James Freyr wrote:Yes you can. A 12v charger can charge any 12v battery. The difference is your scooter battery is 7ah (amp hours, for those reading who may not know) and a car battery is hundreds of amp hours, so it isn't going to take very long to charge the scooter battery compared to a automobile battery. If the charger is an old analog style where you turn a knob to set the number of hours to charge, put it at the lowest setting. If it's a new digital charger, it should know when the battery is charged and will stop charging. Over charging makes the electrolyte liquid in the batteries boil and it just kills the life of them, then they lose their ability to hold a charge. If it's charging and you hear fizzing like soda pop, the electrolyte is boiling, so stop charging.

One more note, is the age of the battery in question. If this scooter battery is 5 or more years old, and it's a lead acid battery, it may just be time for a new one. There are interesting techniques I've seen on youtube of revitalizing old lead acid batteries by dumping the electrolyte, then filling with a epsom salt solution, and getting many more years of life out of them. I have yet to try this myself, but the information is out there.



This whole post is just wrong.  You cannot charge any 12V battery with any 12V charger.  A car battery is not hundreds of amp hours.  Not all digital chargers will protect against overcharging (I know, I have made that mistake before of assuming that).  You cannot "recharge" a lead acid battery with epsom salt solution... saltwater batteries do work but they are much, much less energy than the electrolyte solution that originally came with the battery.  To the point where the battery will no longer be a 12V battery and will have orders of magnitude less capacity.  Why would you not just order more electrolyte and refill it for $20 or less?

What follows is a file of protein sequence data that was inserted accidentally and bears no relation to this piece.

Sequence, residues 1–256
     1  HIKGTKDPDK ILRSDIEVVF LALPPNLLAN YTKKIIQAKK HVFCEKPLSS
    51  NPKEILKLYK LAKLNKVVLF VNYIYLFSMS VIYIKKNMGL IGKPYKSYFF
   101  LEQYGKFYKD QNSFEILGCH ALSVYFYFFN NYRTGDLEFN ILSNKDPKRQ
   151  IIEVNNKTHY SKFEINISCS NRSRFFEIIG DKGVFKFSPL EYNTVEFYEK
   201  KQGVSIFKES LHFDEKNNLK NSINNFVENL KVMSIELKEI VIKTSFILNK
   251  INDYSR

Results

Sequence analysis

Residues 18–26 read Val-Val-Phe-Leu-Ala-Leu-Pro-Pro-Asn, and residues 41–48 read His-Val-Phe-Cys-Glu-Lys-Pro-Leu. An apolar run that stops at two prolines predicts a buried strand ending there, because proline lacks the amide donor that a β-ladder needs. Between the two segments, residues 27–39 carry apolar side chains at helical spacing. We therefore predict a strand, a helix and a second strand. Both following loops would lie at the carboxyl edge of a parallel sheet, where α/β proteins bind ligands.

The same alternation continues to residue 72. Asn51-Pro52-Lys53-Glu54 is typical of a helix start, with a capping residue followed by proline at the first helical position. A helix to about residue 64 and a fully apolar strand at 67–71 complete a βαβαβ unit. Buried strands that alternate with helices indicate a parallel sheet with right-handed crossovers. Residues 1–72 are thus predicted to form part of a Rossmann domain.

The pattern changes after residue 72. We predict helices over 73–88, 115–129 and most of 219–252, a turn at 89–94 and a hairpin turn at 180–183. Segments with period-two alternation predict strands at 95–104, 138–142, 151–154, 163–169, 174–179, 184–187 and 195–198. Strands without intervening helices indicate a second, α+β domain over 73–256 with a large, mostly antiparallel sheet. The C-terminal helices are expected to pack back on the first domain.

No need to be negative. I think James was trying to help by explaining the principle. When it comes to a specific application, we all know that the devil is in the details.

Regarding epsom salt: the theory is that, in solution, it can be used to dissolve sulfate deposits on the plates of a lead acid battery. If successful, this would extend the battery's useful life. After the procedure, the battery is drained and replaced with standard electrolyte.
 
Jason Lee
Posts: 8
4
  • Likes 2
  • Mark post as helpful
  • send pies
    Number of slices to send:
    Optional 'thank-you' note:
  • Quote
  • Report post to moderator
Sorry.  I end up having to deal with people in my business that take misinformation like this on the internet and end up destroying their batteries or worse.  I have edited the post to be a bit less negative.  Thank you.
gift
 
Rocket Mass Heater podcast gob
will be released to subscribers in: soon!
reply
    Bookmark Topic Watch Topic
  • New Topic